QUESTION: But he didn't have a personal reaction at all?

FLEISCHER: No, I think the president is rather busy focused on the job that he was elected to do by the American people and...

QUESTION: How about internal matters in the Republican Party?


FLEISCHER: I'm sorry?

QUESTION: Well, you said he didn't want to comment on internal matters to the Democratic Party, how about internal matters...

FLEISCHER: Oh, I thought you were making a reference to somebody running for president. I thought you knew something I didn't. QUESTION: I just, given that Gore won the popular vote by some 500,000 votes first time around, the president is not a little bit disappointed that he won't have...

FLEISCHER: I think the president is looking forward, and the president is focused on the job that he is doing right now for the American people, and the president is very respectful of the Democratic process, including the Democratic Primary process. I think there'll be no shortage of candidates.

QUESTION: Yes or no, can you say whether the president wants Senator Lott to remain as majority leader?

FLEISCHER: We're right back to everything that I said last week about the topic and the president's focus on improving race relations throughout America.

QUESTION: (OFF-MIKE) repeat what you said last week about the White House thinking that he should remain.

FLEISCHER: The president does not think he needs to resign. I repeat what I said last week and what I've said every day.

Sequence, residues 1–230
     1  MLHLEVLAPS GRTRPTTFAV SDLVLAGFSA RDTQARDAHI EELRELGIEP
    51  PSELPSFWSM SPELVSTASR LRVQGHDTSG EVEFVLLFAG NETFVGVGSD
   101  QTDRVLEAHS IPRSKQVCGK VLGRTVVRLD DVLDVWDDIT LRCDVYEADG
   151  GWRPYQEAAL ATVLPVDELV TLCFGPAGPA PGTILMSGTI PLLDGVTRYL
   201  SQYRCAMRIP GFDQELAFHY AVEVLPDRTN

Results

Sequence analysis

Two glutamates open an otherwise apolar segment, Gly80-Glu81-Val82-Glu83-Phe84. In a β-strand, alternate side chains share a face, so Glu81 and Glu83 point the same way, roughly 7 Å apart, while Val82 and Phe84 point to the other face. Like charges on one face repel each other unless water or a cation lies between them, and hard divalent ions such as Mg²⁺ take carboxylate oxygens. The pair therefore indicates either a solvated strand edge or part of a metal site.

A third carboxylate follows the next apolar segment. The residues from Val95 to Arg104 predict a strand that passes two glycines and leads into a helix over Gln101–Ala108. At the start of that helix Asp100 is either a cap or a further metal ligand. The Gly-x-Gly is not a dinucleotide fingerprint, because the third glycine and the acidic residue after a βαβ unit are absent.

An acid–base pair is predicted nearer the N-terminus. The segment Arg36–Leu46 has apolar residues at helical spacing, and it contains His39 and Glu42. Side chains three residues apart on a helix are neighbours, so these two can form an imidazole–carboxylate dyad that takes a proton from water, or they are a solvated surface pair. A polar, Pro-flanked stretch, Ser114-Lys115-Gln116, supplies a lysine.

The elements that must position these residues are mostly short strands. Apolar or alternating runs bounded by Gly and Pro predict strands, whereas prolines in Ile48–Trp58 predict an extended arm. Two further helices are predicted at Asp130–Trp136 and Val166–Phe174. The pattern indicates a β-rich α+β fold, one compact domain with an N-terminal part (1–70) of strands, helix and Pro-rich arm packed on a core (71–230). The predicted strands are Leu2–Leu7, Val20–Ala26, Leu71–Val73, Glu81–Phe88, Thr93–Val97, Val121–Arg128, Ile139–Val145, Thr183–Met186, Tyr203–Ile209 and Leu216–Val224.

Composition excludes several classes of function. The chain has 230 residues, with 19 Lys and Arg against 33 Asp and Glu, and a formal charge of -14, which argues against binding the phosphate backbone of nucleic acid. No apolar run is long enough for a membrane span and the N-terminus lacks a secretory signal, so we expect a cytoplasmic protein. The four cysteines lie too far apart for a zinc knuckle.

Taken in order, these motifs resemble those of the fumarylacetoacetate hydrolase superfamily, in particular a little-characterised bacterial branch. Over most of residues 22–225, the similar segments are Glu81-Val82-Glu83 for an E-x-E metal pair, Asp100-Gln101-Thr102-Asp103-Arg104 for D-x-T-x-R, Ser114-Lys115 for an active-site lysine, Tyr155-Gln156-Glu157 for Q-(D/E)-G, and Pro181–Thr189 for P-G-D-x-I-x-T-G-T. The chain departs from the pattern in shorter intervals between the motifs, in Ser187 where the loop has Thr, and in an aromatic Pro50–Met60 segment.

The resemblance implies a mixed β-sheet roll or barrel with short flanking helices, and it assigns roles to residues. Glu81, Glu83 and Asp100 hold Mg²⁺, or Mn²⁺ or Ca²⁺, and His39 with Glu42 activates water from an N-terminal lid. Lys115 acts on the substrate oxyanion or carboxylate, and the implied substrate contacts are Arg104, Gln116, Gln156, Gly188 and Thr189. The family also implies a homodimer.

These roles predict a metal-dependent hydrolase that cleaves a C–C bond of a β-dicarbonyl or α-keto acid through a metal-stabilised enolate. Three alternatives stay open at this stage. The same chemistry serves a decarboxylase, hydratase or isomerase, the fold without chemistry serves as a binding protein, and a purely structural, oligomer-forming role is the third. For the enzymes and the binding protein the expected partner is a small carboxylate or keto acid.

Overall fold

QUESTION: (OFF-MIKE) focus on improving race relations with Trent Lott as majority leader of the United States Senate.

FLEISCHER: Well, the president is going to do just what he did last week, and the president is going to continue to elevate the country and to speak out about the bigger picture of the importance of improving race relations for all Americans.

That's one of the jobs of the presidency, is to lift up the debate and to focus on where the country is vis-a-vis race, where we have to go, and how we can possibly get there. And that's why the president thought it was so important to speak out, and speak in public, as he did.

QUESTION: Can Trent Lott, as majority leader, help him do that?

FLEISCHER: Well, again, the president has made his statement about it, and the president looks forward to working with everybody to help America reach that day.

QUESTION: The last time I looked, the president was the leader of his party, as well as commander in chief, and a number of other hats -- why wouldn't he seek to give direction to his party at a time like this about the person he would like to see as the majority leader?

FLEISCHER: The direction the president has given the nation and the party is about improving race relations, and that's where the president is focused.

QUESTION: So it doesn't matter whether Trent Lott is a leader or not, as long as race relations are improved? FLEISCHER: Well, again, the president made clear that he found the remarks to be offensive and repugnant, and he spoke out clearly about them. He thought that was very important to do.

QUESTION: So I guess it's important that we get somebody other than Trent Lott, if I'm reading you correctly.

FLEISCHER: You've heard everything I said.

QUESTION: Ari, two quick questions. One, now North Korea is seeking nuclear help from China after Pakistan stopped helping. So how much is the president, you think, of the U.S. worried about China's and North Korea's military buildup that might one day...